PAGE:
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  1. #1
    Beer junkyardking's Avatar
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    Removing Chain Links

    I bought a new chain and cassette for my drive train (triple crank, tiagra FD, 105 RD, 12-25 tiagra cassette) and the chain my LBS sold me is too long (116 links, the original chain is 114 links). I feel like I should just be able to remove the two surplus links and be good to go, but my cautious side also feels like they make chains with 114 and 116 links for a good reason. In short: get a different chain or take out two links? What would you do?

  2. #2
    Senior Member Capecodder's Avatar
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    Remove two links Done!
    Amy, I'll always remember you...... I miss you so much, for you filled my days with so much joy.

  3. #3
    Old fart JohnDThompson's Avatar
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    Assuming you have a chain tool, just take out the two links.

  4. #4
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    Or, even better: check out the instructions on how to determine proper chain length, then see how much to remove.

  5. #5
    rebmeM roineS JanMM's Avatar
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    Most chains are a standard length. Longer tandem/recumbent length chains are also available. I recently bought a longer (11' 10") chain for one of my bikes and had to remove 9". Same online retailer also sells 14" chains.
    RANS V3 (steel), RANS V-Rex, RANS Screamer

  6. #6
    Beer junkyardking's Avatar
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    Links removed. Tension good. Thanks guys.

  7. #7
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    If the 116 fits on your bike, then tehre's no reason to cut it down. The derailleur should be able to handle the slack in the small/small combo; if it doesn't, and something rubs, then links need ot be removed, but otherwise it's actually a little bit beneficial to have extra links since the load is spread across more links.

  8. #8
    Constant tinkerer FastJake's Avatar
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    The only thing to be cautious about is how you assembled the chain. Newer multi-speed chains (since Hyperglide) cannot simply be cut and put back together by pushing the old pin back in.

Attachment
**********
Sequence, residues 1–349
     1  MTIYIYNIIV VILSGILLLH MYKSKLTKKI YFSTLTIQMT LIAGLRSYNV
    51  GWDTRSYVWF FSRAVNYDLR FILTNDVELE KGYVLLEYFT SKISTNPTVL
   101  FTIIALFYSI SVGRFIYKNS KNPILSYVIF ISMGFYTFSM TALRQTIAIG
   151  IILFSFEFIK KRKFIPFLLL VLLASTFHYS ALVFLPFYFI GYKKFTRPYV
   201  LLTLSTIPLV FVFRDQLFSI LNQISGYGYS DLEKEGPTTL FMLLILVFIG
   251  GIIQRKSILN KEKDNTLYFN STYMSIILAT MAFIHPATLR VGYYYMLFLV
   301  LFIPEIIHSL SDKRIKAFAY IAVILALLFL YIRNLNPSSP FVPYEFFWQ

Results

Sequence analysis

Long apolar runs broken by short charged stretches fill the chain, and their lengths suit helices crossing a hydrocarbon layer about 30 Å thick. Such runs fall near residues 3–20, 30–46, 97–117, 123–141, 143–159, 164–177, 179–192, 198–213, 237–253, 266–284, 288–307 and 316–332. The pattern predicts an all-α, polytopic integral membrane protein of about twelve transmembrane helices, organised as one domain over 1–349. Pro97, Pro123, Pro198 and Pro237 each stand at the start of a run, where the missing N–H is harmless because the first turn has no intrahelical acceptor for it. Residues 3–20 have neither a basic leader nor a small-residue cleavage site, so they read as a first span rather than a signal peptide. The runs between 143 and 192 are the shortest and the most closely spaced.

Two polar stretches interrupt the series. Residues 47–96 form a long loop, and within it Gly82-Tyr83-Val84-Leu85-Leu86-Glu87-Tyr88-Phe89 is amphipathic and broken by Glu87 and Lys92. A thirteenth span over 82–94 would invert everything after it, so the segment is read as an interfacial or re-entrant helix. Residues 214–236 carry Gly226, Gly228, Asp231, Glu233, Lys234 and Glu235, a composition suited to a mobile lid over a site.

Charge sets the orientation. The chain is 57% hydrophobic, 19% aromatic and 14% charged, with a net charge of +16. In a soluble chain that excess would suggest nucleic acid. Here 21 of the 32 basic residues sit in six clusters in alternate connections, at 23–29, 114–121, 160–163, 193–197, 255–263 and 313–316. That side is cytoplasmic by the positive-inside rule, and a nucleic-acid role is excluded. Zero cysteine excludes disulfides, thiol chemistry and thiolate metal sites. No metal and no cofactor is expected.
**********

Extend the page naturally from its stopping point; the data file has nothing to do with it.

You assembled the chain with a special pin or a master link, right?
    Why "derailer" is the correct way to spell the gear-change mechanism: sheldonbrown.com/derailer.html

  9. #9
    Global Warming Witness
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    Quote Originally Posted by Ikarios View Post
    If the 116 fits on your bike, then tehre's no reason to cut it down. The derailleur should be able to handle the slack in the small/small combo; if it doesn't, and something rubs, then links need ot be removed, but otherwise it's actually a little bit beneficial to have extra links since the load is spread across more links.
    I'd like to question this statement. Seems to me that the best is to leave the least amount of links to cover the large-large gear. that way the chain will be somewhat tighter and cut down on chain bob (for lack of the better term) when going over bumps. Otherwise the chain will be looser and chances of it hitting the underside of the chainstay will be increased. No?

  10. #10
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    The parktools website has 3 different methods of determining correct chainlength. They all give roughly the same result so there is no excuse for guessing.

  11. #11
    Constant tinkerer FastJake's Avatar
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    Regarding chain length - I size my chain for the largest cassette I plan to use on the bike. My road bike has two wheels: one with a 12-23 and one with an 11-30 cassette. The chain is sized to the 30T because if I cut it to fit the 23, it would be much too short with the 30. It's a very bad idea to run a chain that's too short, but it's not a big deal if the chain is a little too long. If it's excessively long it will rub in the small-small combo (which should never be used anyway) and as Plimogz said it can slap the chainstay.
    Why "derailer" is the correct way to spell the gear-change mechanism: sheldonbrown.com/derailer.html

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